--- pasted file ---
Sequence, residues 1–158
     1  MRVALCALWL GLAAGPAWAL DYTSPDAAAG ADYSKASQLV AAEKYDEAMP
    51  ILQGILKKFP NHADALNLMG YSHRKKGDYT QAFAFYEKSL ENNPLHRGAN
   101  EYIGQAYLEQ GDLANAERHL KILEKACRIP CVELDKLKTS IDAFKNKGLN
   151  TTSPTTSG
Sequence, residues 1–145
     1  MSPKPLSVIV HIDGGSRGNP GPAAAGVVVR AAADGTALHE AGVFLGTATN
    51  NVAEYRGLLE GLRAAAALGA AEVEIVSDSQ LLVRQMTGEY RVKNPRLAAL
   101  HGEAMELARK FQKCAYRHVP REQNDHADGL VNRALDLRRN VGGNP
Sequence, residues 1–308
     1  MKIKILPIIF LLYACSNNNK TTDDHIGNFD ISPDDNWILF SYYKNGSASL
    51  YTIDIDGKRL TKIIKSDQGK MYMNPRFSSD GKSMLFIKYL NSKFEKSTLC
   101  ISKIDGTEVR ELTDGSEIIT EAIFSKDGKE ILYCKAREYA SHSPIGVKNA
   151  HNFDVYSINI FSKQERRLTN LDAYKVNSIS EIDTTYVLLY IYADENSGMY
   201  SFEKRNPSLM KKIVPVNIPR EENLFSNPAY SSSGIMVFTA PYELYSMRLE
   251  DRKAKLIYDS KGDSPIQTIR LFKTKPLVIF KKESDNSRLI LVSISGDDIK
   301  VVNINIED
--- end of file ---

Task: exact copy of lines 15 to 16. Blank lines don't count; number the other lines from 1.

   201  SFEKRNPSLM KKIVPVNIPR EENLFSNPAY SSSGIMVFTA PYELYSMRLE
   251  DRKAKLIYDS KGDSPIQTIR LFKTKPLVIF KKESDNSRLI LVSISGDDIK